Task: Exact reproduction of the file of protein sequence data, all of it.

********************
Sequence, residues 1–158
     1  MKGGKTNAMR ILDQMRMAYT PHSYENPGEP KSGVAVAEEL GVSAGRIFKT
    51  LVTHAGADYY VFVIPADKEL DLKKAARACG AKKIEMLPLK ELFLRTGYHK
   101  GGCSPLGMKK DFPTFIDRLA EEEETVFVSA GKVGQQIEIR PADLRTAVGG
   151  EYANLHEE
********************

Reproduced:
Sequence, residues 1–158
     1  MKGGKTNAMR ILDQMRMAYT PHSYENPGEP KSGVAVAEEL GVSAGRIFKT
    51  LVTHAGADYY VFVIPADKEL DLKKAARACG AKKIEMLPLK ELFLRTGYHK
   101  GGCSPLGMKK DFPTFIDRLA EEEETVFVSA GKVGQQIEIR PADLRTAVGG
   151  EYANLHEE